If the distressing string of 2019 events that spawned the launch of this campaign to fight over-building and its associated air/noise/light pollution, and danger for Cottonwood Heights residents wasn’t enough, perhaps launching our website SaveNotPave.org right now amidst the Covid-19 pandemic is appropriate and necessary.
“We are going to see more outbreaks as we deforest. We are pushing into the last wild spaces on our planet. Rising temperatures and deforestation are exacerbating the likelihood of additional and more lethal viral outbreaks,” according to both Alanna Shaikh, masters in International Health and Michele Barry, Center for Innovation in Global Health. This pandemic “…is a result of the way we human beings are interacting with our planet. Human choices are driving us into a position where we are going to see more outbreaks.”
What we do with our land and our lifestyle matters.
Why did I personally jump in with 800+ others to formally petition against the direction that UDOT is taking? In mid-2019, the UDOT project director promised verbally that the speed limit would be reduced to 35MPH and there would be a maximum of one house removed for the expansion. However, when UDOT’s “Revised Little Cottonwood Canyon EIS” came out in November, 2019, there was NO mention of a reduced speed limit and the study now reads: “We will examine how many houses will need to be removed.”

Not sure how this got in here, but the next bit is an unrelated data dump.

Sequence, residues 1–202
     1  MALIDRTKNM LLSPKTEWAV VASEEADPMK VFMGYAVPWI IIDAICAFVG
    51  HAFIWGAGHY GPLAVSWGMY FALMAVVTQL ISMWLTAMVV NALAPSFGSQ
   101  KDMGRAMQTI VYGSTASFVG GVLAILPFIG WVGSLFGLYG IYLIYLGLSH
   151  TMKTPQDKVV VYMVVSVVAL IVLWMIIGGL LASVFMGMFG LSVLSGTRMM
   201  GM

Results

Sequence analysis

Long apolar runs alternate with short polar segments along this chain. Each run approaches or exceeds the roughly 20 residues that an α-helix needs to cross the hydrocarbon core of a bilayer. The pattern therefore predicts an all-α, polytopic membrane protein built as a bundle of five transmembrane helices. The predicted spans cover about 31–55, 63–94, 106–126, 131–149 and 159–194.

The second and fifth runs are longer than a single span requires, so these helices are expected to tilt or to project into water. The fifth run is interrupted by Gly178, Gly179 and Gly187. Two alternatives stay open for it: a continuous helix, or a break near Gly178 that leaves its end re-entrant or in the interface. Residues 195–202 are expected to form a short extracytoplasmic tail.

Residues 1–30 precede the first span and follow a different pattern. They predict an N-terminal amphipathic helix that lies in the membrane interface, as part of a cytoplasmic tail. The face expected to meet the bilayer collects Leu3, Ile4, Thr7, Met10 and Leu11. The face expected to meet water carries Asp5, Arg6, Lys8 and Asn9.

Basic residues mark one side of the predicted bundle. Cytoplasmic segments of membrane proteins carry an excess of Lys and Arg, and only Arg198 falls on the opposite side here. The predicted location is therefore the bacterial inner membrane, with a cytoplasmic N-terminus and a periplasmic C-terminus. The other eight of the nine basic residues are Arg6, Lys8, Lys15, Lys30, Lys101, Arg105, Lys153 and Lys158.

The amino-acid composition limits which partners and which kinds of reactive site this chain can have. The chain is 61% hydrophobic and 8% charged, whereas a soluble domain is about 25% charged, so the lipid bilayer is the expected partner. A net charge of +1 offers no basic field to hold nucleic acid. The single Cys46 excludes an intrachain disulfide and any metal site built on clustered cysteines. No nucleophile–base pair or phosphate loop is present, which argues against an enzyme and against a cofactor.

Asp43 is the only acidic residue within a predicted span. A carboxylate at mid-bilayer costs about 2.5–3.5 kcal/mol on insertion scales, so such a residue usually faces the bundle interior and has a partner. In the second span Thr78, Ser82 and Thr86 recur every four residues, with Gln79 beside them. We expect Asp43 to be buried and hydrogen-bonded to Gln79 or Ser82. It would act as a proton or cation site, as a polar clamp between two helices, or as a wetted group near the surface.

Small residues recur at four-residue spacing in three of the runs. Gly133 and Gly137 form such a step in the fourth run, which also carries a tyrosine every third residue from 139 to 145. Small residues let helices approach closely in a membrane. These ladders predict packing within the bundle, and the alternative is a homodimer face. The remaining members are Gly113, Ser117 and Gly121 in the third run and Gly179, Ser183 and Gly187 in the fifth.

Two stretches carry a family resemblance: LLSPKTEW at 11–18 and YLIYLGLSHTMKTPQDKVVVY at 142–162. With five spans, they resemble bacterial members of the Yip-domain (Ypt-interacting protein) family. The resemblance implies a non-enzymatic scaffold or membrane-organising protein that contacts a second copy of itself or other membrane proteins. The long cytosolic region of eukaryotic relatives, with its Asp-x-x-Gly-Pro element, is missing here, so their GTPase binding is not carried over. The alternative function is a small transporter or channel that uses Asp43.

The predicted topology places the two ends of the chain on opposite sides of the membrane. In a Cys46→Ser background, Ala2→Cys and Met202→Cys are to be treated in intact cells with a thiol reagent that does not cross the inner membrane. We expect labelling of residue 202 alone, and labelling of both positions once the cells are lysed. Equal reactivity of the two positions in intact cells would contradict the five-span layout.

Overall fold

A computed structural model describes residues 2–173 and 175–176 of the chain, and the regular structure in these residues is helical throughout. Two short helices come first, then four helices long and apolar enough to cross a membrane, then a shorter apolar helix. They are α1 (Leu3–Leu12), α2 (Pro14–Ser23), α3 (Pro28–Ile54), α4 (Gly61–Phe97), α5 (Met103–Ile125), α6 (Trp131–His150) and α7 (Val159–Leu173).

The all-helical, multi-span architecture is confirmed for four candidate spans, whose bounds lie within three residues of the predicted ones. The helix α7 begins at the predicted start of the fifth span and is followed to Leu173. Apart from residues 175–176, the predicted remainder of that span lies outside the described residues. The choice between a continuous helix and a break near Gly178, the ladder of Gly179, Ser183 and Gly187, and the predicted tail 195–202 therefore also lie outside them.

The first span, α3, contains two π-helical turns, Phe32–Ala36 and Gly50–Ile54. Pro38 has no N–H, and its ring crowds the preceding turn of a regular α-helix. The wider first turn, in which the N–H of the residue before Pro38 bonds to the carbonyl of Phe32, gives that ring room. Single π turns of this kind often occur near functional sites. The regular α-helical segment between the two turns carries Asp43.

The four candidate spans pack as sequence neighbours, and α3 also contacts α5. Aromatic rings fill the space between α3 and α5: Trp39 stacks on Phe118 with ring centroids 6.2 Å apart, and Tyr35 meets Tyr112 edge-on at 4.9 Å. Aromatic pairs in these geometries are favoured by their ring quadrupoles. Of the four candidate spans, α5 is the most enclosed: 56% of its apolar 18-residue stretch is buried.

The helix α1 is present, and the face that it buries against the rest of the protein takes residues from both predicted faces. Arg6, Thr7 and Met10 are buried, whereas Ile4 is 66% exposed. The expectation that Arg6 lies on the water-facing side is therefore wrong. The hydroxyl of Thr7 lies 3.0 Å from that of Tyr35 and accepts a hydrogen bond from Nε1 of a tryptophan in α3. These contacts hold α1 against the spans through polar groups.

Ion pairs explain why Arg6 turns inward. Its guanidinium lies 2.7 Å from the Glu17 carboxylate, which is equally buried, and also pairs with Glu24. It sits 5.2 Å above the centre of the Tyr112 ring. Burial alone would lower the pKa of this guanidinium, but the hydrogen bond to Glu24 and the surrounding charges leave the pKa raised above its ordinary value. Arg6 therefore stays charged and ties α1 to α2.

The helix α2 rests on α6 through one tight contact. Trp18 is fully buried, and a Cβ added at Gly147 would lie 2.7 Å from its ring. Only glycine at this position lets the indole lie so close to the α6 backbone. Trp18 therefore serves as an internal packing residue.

While we all hunker down, the pandemic washing over us, we have the opportunity to look at the holistic picture and importance of our society taking a new, unprecedented approach to both local and global health. SaveNotPave is part of a larger movement to address the unsustainable building, transportation and land-use in order for a safer, healthier and more secure future. Economic stability is important but our community needs leadership that is focused on “Humans and Planetary Health”. That Planetary Health starts here in Cottonwood Heights, Utah.
In 2019, there were over 800 of us who signed a petition stating our interest in Wasatch Blvd retaining its natural character with any build-out limited to three vehicular lanes, one of which would serve as Rapid Bus Transit. We appealed to both our Cottonwood Heights City Council and to the Utah Department of Transportation. I believe the number of us who have real concerns about the direction both these entities are taking is justified based on their track records in the past decade. Despite verbal promises to the contrary, we must be more persuasive as a voting block, unified in our message of Improve not Expand. We can do better.
SaveNotPave urges elected officials and all community leaders to not only pledge their awareness of the health risks associated with carbon-based transportation and building but report to the public on their record of follow through in this important public health area.
Cottonwood Heights could be a sustainability leader within the Wasatch Front by featuring Active Transportation, Transit and Smart-phone Technology.
Join us by adding your name and contact information on the Home page.
Best regards,Ellen Birrell